Super-tankers will pick up the tar sand/condensate mixture, which is called ‘dilbit’ once it is mixed together into a consistency which will flow through the pipeline system and transport it in that form to China, where new refineries are being built to receive the dilbit material. New Chinese oil refineries cost 1 – 2 billion Canadian dollars (equivalent), while new North American refineries with their higher land, construction, permitting, labour and emission control costs are estimated in the 12 billion Canadian dollar range – which is why no new refineries are planned for North America.

New SuezMax super-tankers cost between 500 and 900 million dollars a copy, depending on how many barrels of oil they carry and whether they are single-hulled ships or an infinitely safer design – the double-hulled super-tanker. Some super-tankers carry over 1 million barrels of toxic dilbit. Expect China to run 24 – 32 new super-tankers between the west coast of Canada and China 365 days per year.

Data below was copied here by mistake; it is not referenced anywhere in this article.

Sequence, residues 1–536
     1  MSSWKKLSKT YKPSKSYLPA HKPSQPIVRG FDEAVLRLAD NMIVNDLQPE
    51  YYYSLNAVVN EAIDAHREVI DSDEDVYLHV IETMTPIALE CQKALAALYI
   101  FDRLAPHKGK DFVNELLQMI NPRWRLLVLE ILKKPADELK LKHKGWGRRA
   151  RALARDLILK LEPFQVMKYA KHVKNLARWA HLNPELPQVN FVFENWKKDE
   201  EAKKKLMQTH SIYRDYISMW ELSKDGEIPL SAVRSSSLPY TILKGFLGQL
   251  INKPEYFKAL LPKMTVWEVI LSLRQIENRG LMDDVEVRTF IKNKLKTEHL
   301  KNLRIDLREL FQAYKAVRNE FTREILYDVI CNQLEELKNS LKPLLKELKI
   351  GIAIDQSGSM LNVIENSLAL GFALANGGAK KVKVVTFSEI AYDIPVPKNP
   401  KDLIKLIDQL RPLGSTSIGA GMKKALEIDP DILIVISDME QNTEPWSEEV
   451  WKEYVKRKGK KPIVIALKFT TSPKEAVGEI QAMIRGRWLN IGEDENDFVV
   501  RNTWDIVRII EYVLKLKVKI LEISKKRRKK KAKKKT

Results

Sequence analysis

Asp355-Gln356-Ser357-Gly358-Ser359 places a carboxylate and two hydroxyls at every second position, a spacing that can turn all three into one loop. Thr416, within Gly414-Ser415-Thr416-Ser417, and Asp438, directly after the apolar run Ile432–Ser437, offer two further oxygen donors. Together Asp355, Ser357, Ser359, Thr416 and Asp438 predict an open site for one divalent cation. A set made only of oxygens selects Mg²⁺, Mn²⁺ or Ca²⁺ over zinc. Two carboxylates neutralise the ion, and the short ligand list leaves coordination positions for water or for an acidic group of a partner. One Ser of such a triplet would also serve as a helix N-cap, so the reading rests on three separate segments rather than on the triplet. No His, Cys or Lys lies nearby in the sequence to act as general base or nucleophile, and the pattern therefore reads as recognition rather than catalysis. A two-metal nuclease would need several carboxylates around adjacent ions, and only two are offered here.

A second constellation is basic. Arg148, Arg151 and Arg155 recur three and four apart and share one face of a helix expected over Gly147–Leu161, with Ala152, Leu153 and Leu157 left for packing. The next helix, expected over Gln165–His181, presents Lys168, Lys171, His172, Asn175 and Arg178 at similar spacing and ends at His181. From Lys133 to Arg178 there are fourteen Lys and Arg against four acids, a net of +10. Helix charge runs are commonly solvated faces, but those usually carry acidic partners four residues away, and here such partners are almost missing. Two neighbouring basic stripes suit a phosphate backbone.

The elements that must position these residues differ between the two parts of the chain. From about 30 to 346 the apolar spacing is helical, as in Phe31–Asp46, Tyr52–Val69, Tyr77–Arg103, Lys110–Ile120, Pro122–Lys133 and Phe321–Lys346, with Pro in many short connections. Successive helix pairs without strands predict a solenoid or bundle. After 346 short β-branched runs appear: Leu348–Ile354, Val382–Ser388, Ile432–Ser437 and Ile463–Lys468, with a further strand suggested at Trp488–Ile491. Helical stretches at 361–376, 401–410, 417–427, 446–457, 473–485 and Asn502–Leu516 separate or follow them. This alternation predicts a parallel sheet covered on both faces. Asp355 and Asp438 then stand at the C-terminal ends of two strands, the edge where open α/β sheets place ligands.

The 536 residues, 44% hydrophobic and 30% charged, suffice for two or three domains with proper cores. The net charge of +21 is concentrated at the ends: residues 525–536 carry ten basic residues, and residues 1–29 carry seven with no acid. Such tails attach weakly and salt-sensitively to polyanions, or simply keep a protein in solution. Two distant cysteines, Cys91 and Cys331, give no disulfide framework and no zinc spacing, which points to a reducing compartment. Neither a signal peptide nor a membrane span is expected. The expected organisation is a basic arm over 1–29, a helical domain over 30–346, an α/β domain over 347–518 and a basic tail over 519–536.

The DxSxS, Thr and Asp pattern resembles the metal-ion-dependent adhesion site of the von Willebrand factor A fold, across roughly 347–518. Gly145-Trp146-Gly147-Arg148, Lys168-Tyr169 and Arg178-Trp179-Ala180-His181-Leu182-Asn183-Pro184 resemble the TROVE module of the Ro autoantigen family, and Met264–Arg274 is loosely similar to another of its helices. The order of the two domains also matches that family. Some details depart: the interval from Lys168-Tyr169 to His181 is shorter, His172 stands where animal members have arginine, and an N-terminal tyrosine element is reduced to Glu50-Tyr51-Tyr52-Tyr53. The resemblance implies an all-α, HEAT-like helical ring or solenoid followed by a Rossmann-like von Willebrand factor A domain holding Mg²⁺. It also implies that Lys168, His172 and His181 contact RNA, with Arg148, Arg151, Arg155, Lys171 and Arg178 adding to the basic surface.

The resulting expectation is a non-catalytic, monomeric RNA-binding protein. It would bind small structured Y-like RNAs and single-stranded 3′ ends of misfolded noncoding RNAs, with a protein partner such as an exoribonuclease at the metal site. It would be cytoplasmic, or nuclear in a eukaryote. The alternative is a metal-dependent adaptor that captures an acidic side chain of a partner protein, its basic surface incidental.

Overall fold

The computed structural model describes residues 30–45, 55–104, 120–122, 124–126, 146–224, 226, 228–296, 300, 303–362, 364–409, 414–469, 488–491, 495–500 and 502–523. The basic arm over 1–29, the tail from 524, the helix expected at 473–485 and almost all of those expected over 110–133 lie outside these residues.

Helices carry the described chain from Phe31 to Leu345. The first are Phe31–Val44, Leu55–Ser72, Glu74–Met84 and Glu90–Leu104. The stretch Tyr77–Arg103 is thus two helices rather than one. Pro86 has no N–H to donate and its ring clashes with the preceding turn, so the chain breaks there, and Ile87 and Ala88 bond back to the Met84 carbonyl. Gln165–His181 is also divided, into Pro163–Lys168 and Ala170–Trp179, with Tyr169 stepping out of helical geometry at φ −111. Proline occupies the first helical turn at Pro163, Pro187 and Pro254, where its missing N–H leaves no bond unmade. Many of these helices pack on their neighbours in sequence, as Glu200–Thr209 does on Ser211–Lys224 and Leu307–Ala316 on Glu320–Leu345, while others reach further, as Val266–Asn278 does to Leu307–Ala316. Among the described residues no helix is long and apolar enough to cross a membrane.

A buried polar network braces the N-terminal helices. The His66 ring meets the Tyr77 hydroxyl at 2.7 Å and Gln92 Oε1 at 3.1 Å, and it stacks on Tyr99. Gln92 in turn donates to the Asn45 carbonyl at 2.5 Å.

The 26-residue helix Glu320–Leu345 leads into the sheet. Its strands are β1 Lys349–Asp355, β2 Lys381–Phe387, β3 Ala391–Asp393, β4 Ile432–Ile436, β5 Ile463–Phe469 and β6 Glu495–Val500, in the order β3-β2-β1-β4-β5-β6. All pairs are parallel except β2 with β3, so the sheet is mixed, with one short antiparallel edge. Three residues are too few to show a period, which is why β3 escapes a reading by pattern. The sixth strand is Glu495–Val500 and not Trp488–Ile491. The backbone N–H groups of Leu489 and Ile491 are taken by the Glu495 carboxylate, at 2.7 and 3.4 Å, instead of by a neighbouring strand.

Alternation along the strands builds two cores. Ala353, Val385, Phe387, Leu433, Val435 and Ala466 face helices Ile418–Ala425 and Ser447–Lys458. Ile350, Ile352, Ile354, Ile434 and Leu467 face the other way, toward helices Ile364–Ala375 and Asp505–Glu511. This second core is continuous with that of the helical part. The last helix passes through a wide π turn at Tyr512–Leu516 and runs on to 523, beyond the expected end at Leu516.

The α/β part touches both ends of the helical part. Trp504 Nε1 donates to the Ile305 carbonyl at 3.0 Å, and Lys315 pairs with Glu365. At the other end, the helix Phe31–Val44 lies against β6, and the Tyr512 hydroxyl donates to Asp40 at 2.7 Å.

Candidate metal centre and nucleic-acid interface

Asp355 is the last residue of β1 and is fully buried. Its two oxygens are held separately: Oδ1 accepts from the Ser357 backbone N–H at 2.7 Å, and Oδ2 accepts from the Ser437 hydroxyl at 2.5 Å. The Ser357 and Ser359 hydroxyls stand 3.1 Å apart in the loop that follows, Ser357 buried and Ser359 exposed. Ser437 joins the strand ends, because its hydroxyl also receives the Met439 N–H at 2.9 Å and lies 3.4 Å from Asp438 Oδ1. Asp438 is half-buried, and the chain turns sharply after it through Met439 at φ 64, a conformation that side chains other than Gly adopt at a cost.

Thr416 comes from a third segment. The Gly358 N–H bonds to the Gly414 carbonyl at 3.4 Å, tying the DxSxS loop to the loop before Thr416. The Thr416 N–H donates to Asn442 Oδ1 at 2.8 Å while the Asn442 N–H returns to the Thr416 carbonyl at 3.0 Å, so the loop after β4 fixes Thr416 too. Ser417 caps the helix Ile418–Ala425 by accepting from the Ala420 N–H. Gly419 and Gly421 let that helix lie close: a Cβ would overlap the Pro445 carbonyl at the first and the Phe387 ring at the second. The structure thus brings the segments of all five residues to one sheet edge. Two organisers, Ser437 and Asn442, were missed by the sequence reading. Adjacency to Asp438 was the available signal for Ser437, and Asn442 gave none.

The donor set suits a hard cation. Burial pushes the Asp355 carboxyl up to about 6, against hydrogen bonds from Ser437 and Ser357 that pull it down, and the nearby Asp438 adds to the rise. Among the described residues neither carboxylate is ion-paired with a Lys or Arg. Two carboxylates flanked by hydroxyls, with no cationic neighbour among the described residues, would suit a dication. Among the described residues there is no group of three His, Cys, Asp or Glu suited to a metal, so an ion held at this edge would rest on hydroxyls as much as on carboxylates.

After refining in China, SuezMax super-tankers will return the finished products to North America for distribution throughout the western United States and Canada’s western provinces.

Even with all these additional transportation costs and other activities – the gasoline, diesel and other products will cost 30% less than when compared to Canadian or American oil refineries performing the same refining operations here.

It remains to be seen whether the oil companies will pass along those cost savings to consumers.

John Brian Shannon writes about green energy, sustainable development and economics from British Columbia, Canada. His articles appear in the Arabian Gazette, EcoPoint Asia, EnergyBoom, Huffington Post, the United Nations Development Programme – and other quality publications.

John believes it is important to assist all levels of government and the business community to find sustainable ways forward for industry and consumers.

Check out his personal blog at: http://johnbrianshannon.com

Check out his economics blog at: https://jbsnews.wordpress.com

Follow John on Twitter: https://www.twitter.com/#!/JBSCanada

JOBS: The Key to Capitalism’s Success

by John Brian Shannon